March 18, 2020
ICE issued updated guidance on how it’s handling COVID-19. ICE has revised the process for filing Form I-246, revised the timeline for individuals to report for their initial check-in with a local field office, and limited the acceptance of bonds to specific locations, among other things.
ICE notes that as of 3/17/20, there are no confirmed COVID-19 cases in ICE detention facilities and is screening new detainees. ICE has temporarily suspended social visitation but non-contact legal visitations will continue to be permitted.
Has ICE modified enforcement efforts during COVID-19?
To ensure the welfare and safety of the general public as well as officers and agents in light of the ongoing COVID-19 pandemic response, U.S. Immigration and Customs Enforcement (ICE) will temporarily adjust its enforcement posture beginning today, March 18, 2020. ICE's highest priorities are to promote life-saving and public safety activities.
ICE Enforcement and Removal Operations (ERO) will focus enforcement on public safety risks and individuals subject to mandatory detention based on criminal grounds. For those individuals who do not fall into those categories, ERO will exercise discretion to delay enforcement actions until after the crisis or utilize alternatives to detention, as appropriate.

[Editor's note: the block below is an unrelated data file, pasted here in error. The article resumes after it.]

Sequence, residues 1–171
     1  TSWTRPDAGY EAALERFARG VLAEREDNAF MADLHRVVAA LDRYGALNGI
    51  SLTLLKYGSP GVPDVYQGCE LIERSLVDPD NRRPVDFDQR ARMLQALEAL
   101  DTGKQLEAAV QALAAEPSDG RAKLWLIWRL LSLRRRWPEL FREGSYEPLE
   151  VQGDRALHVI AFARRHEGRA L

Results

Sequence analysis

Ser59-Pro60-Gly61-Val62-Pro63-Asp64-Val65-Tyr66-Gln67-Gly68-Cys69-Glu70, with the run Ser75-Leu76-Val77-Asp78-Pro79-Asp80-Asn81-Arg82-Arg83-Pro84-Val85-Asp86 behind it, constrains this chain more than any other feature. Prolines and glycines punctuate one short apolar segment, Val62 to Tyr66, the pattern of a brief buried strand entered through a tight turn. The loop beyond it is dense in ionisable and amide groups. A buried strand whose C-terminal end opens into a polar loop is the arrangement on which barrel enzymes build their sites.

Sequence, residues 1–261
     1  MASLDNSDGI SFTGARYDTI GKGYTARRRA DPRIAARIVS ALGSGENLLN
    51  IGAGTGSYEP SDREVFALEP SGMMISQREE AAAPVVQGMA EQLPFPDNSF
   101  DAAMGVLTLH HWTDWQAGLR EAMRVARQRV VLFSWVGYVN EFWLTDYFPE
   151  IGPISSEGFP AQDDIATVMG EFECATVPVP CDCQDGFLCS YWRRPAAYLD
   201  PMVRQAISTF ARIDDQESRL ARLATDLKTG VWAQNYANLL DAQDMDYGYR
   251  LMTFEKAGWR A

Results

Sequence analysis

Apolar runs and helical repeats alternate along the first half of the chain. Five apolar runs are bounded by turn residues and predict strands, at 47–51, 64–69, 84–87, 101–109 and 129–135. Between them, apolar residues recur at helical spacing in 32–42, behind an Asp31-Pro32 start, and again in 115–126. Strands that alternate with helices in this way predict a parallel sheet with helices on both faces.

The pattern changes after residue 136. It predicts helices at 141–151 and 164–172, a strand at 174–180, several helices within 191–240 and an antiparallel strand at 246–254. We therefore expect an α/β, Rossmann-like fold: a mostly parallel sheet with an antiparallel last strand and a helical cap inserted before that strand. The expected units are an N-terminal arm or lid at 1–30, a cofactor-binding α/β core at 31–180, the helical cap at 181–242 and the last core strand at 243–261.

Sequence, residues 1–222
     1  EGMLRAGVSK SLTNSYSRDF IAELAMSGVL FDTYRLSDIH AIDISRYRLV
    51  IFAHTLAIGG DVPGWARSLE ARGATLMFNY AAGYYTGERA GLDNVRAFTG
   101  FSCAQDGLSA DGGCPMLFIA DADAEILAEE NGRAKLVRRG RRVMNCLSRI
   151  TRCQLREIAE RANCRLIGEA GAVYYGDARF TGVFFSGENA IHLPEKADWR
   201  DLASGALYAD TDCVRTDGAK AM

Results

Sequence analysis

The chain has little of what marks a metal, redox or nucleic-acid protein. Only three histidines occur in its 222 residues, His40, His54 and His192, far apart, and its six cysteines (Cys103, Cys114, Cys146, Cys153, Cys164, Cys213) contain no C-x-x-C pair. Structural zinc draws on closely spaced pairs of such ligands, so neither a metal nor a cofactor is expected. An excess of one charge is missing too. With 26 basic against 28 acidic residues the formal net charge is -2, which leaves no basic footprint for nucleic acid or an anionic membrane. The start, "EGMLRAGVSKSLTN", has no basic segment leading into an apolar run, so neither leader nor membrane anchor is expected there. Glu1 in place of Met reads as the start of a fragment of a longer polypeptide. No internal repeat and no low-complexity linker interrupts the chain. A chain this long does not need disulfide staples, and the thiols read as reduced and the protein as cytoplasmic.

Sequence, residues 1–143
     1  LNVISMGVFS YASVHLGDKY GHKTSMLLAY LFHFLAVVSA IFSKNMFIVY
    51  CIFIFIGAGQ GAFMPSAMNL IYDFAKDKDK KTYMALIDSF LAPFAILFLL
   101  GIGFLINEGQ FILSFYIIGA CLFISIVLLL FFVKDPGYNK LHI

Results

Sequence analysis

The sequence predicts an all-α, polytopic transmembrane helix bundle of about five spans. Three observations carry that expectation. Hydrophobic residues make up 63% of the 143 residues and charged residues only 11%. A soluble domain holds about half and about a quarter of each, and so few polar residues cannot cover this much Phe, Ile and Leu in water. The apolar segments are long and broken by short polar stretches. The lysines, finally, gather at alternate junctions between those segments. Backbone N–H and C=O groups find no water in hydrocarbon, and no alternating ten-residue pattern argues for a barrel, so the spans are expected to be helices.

Homeland Security Investigations will continue to carry out mission critical criminal investigations and enforcement operations as determined necessary to maintain public safety and national security. Examples include investigations into child exploitation, gangs, narcotics trafficking, human trafficking, human smuggling, and continued participation on the Joint Terrorism Task Force. This work will be conducted based on ability to coordinate and work with prosecutors from the Department of Justice and intake at both the U.S. Marshals Service and Bureau of Prisons.